Far from being a booby prize for a bad hand, special actions can be essential and planning them well can win you the game. They are again simple to explain: a player simply discards as many cards as they wish and choose one of these cards to trigger its colour’s special action (taking either extra resources, victory points, money, cards or buildings).
The game ends when either all the barbarian villages are destroyed (done by surrounding them on the map) or all temples are placed (these are special buildings that reward you with end-game victory points).
The four sides
These are me, plus three fictitious amalgams drawn from observing my friends, and their respective quirks and play styles.
The writer: I love a good tableau-builder, as evidenced by 200+ plays of Race for the Galaxy, and after playing Deus once it was an insta-buy. While it lacks the vast range of cards that sets Race apart it makes up for it with the combos and board play – exactly the kind of extra elements San Juan was sadly lacking in.
The thinker: There was definitely enough here to have me both strategically and tactically engaged, while the option to discard a bad hand but also benefit soundly from it was a master stroke. However I’m unsure of its potential long term without expansions, as while fine so far I can see strategic options wearing thin over time.
The trasher: While it’s no Race, Deus is a solid game I’m happy to play. Much like Race, going military can make for a short tactical game that can surprise people, while who doesn’t like the satisfaction of a smart card combo going off – and then going off again a few more times for good measure?
The dabbler: While the game is a bit ‘heads down’ for me, as there’s lots of reading to do and plans to be hatched, I did enjoy my plays. Its simple, bright and colourful with a low barrier to entry, but offers something to the more wizened gamer. I won on my second play against experienced opponents, showing the game isn’t all about ‘best player wins’ – but as its only an hour-ish, you can just go again!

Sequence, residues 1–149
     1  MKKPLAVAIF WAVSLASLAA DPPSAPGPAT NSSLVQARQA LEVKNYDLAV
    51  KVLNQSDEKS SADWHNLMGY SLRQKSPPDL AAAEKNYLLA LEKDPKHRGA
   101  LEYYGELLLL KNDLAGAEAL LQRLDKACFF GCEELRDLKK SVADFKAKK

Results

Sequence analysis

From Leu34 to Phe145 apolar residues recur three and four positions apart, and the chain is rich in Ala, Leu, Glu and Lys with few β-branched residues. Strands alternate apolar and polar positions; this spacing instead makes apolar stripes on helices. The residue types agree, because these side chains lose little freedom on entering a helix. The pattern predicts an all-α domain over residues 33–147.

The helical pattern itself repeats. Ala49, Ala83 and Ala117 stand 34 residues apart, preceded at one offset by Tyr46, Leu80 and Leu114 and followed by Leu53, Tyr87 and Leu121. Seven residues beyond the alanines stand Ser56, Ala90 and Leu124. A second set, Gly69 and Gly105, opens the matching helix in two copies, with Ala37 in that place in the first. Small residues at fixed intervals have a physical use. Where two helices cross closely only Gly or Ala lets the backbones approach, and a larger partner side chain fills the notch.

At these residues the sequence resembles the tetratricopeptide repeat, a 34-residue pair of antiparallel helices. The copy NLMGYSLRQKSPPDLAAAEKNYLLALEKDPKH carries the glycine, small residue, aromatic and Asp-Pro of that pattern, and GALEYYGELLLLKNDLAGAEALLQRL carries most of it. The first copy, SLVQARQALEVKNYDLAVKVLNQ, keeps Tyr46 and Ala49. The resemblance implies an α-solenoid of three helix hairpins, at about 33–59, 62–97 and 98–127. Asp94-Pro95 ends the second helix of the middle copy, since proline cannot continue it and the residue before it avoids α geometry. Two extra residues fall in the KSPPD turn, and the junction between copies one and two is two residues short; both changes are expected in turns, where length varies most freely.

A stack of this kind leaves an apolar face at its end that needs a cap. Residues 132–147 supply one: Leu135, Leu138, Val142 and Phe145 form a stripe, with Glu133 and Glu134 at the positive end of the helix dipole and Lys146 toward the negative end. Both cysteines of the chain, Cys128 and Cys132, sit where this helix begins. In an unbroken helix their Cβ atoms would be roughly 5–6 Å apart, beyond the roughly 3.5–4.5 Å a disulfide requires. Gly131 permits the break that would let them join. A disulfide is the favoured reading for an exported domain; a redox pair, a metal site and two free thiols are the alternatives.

Several people have pointed out Deus’ solitary nature, describing it as a heads-down game with little interaction. This is largely fair comment and those looking for player versus player action need not apply. However you do need your head in the game as it doesn’t have a fixed end point – while board position can very much make a difference.
Another fair-ish comment is there’s too high a dependency on getting the right card combos, making the game too random. While I’ve certainly seen people get very lucky with their draws while others have floundered, this is not a long game and can very much be played back-to-back in a session – and its no more a problem than in your average card game. Also, I find the discard action does help mitigate this issue nicely.
Some claim the game is downright ugly, while others have complained about a component error. To clear the latter up, the game comes with brown discs for ‘wood’ while the wood symbol is green on the cards. This is apparently a good thing for the colour blind and for the rest of us its a mild inconvenience. As for the ugliness, I think its harsh. Be your own judge, but if its enough to make you walk away from a very good game then more fool you.
The final point, and in my mind the most serious one, is variability. Interesting that a game accused of being too random is also accused of lacking variable strategies, but there you go. Anyway, I too am concerned that over time the game may get repetitive. I intend to deal with this by not overplaying it, but if you’re someone with a small collection who plays each of their games a lot it may be worth waiting for expansion news – unless this sort of game is right in your ballpark, then I’d say go for it anyway.
Deus is an elegant, streamlined tableau building game that for me fires on all cylinders. It’s the best new game I played in 2014, feeling like a lighter Terra Mystica with added card combo action – which just about ticks all of my favourite boxes.
Having been pretty disappointed with the ‘alien orb’ part of the recent Race for the Galaxy expansion, it’s interesting to see a much better implementation of a board here.
And having got bored fast with San Juan, it’s also nice to see how this extension can add just enough to a simple card game to give it the extra legs it needs to hold my interest.
I’ll be waiting with baited breath for expansion news, but as Deus is already knocking on the door of the BGG top 500 I’m sure it will sell well enough to merit one. Until then I’ll do my best not to play it to death… but just one more game tonight can’t hurt, can it?